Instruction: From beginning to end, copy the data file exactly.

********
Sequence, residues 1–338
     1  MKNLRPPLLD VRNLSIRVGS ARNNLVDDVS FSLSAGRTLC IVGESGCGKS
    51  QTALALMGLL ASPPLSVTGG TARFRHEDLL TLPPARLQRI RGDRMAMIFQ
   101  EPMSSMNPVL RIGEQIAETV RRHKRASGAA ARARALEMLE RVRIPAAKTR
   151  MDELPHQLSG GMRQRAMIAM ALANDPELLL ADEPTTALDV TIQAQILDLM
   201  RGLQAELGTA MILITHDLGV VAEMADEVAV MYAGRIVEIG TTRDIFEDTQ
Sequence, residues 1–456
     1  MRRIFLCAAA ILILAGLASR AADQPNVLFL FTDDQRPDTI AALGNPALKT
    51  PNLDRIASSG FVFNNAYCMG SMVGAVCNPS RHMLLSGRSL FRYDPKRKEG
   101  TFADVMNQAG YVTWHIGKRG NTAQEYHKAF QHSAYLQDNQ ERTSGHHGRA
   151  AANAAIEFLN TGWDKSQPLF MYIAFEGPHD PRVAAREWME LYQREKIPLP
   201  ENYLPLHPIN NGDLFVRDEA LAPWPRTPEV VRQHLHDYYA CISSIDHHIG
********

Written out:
Sequence, residues 1–338
     1  MKNLRPPLLD VRNLSIRVGS ARNNLVDDVS FSLSAGRTLC IVGESGCGKS
    51  QTALALMGLL ASPPLSVTGG TARFRHEDLL TLPPARLQRI RGDRMAMIFQ
   101  EPMSSMNPVL RIGEQIAETV RRHKRASGAA ARARALEMLE RVRIPAAKTR
   151  MDELPHQLSG GMRQRAMIAM ALANDPELLL ADEPTTALDV TIQAQILDLM
   201  RGLQAELGTA MILITHDLGV VAEMADEVAV MYAGRIVEIG TTRDIFEDTQ
Sequence, residues 1–456
     1  MRRIFLCAAA ILILAGLASR AADQPNVLFL FTDDQRPDTI AALGNPALKT
    51  PNLDRIASSG FVFNNAYCMG SMVGAVCNPS RHMLLSGRSL FRYDPKRKEG
   101  TFADVMNQAG YVTWHIGKRG NTAQEYHKAF QHSAYLQDNQ ERTSGHHGRA
   151  AANAAIEFLN TGWDKSQPLF MYIAFEGPHD PRVAAREWME LYQREKIPLP
   201  ENYLPLHPIN NGDLFVRDEA LAPWPRTPEV VRQHLHDYYA CISSIDHHIG